Imagine a filmmaker going into 20th Century Fox and announcing that he’d had a dream the night before, which he wanted to turn into a film. Now, imagine him walking out of the studio a few minutes later with the go-ahead on the project. Well, such was the power of Robert Altman and such was the vision of Alan Ladd Jr. in 1977. This would never happen today. The result of that simple pitch was 3 Women—the most dreamlike and perhaps strangest film in Altman’s oeuvre. It feels a bit like Bergman’s Persona (1966) and a bit like Lynch’s Mulholland Dr. (2001). Altman acknowledged the former as an influence, and the probability that Lynch was unfamiliar with 3 Women seems remote. They’re all similar, yet each is its own film.
If Altman’s film seems the weakest of the three—and it does—it’s because it has dated the most. Both the look and sound (musical score) of the film not only smacks of its era, but gives it the feeling of 1970s TV. I suspect that’s deliberate on Altman’s part, since the film isn’t just a dream on the nature of identity, but a specific comment on way external forces shape our sense of identity. Millie (Shelley Duvall) has—none too effectively—created her identity entirely out of women’s magazines and advertising. It is natural then that the film has to reflect its era in a way that Persona and Mulholland Dr. do not.
The film begins with and constantly returns to images seen through moving water. Altman said this is meant to be amniotic fluid, so the whole film could be read as being from the point of view of the womb (Altman’s Through Amniotic Fluid Darkly?). Alternatively, since one of the film’s three women, Willie (Janice Rule), is pregnant, it can also be read as the specific vision of the baby in her womb. The trick to 3 Women is that there is no definitive way of reading it. That’s clearly deliberate. On the audio commentary of the DVD, it’s obvious that Altman himself was still reading it.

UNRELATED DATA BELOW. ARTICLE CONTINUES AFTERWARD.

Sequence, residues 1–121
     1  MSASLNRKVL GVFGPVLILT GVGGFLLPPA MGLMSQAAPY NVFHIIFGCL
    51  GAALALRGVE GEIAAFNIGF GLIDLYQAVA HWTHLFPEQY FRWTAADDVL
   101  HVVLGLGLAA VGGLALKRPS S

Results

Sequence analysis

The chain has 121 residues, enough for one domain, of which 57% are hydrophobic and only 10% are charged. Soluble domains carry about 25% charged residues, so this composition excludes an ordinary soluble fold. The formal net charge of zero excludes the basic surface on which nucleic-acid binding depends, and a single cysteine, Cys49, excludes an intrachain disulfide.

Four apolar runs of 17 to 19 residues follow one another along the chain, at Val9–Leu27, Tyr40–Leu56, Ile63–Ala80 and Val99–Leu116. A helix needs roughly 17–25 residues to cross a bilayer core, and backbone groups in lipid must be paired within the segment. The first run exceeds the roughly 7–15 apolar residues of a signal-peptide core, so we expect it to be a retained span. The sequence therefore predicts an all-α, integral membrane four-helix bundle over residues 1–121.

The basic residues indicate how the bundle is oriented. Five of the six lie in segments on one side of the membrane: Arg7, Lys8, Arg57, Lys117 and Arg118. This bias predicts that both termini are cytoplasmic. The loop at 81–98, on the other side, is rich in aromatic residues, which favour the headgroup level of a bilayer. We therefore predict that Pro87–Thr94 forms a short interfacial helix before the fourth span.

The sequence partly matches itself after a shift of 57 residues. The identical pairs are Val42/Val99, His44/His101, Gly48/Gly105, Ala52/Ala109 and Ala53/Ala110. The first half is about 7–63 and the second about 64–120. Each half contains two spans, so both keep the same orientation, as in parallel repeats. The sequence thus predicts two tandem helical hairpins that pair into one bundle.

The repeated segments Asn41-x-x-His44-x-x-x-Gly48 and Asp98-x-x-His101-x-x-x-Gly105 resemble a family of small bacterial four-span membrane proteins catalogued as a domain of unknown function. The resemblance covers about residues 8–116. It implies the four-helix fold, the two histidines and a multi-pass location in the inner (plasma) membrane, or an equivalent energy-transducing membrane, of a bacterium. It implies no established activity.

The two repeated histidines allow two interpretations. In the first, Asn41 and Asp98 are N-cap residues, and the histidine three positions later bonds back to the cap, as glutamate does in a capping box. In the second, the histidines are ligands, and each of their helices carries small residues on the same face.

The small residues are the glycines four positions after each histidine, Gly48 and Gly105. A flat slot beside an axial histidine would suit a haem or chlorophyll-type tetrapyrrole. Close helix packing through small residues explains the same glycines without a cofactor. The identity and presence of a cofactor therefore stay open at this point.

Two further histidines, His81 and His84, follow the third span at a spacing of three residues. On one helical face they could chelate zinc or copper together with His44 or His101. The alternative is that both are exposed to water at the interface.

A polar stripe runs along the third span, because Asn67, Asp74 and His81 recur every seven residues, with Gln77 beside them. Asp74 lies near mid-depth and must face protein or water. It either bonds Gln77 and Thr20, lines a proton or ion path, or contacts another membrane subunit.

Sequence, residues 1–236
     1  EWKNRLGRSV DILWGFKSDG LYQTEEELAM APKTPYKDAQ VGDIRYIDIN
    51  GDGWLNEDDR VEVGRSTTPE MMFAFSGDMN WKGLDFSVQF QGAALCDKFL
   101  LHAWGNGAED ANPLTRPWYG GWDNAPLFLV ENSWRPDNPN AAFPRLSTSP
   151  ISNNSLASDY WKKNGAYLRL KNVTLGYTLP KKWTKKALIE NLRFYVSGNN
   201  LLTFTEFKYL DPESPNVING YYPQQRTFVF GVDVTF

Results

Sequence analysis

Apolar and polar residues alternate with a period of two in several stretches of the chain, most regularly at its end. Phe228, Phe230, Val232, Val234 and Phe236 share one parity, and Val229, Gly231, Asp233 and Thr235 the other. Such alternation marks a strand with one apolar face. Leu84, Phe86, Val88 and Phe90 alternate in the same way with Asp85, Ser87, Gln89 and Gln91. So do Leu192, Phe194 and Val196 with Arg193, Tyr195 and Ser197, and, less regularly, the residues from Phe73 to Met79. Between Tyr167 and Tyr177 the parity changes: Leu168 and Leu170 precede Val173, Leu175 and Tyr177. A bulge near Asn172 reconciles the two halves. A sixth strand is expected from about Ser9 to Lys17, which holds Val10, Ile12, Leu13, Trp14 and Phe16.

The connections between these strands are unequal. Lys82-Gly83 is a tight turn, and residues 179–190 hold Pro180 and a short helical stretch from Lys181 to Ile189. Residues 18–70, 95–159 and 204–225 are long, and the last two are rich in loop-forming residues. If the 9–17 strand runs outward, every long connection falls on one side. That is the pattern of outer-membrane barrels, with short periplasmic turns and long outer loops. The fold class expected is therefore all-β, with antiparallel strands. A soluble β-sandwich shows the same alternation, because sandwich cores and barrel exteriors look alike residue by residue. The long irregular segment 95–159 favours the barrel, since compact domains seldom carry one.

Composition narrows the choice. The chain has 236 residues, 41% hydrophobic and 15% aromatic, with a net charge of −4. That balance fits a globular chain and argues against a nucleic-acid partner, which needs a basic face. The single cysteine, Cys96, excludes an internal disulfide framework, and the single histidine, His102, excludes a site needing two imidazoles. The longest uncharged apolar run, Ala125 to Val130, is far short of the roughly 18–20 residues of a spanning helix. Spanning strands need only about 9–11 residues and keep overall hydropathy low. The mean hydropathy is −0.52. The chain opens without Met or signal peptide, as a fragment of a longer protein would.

There’s only the wispiest of stories. In essence, a fresh-faced kid called Pinky (Sissy Spacek) gets a job at a never-very-well-defined rehab facility that appears to specialize in water treatments. She’s shown the ropes by Millie, to whom she develops an immediate attraction. Millie’s talkative self-assurance is everything Pinky wishes she could be and she attempts to become like her without realizing that Millie is virtually a non-person, a projection of advertising. People almost never listen to Millie and many ignore her completely, as if she isn’t even there. (When one of the other women at the facility remarks on Millie by telling Pinky, “I don’t see her too much,” the line has deep significance.)
Blissfully unaware of any possible shortcoming, Pinky moves in with Millie, living in constant awe—and a degree of fear—even though Millie’s disastrous efforts at being the person she’s tried to create are ever more apparent. Then, in a moment of disillusionment, Pinky attempts suicide in the apartment-complex pool—an act that ties Millie to her (through guilt) and which reverses their roles. When Pinky comes out of her coma, she has become Millie—only she’s better at it. But the events don’t stop there, and it’s impossible to be sure where reality ends and dream logic takes over.
All of this is vaguely overseen by Willie, who says almost nothing and spends her time painting huge, unsettling pastel murals of reptilian women and menacing men. What all of this means is left as a mystery—as much to its creator as to the viewer. This either makes 3 Women a maddening essay in pointlessness, or a deeply involving work that leaves the viewer unnerved and off-balance. Which response occurs depends entirely on the viewer.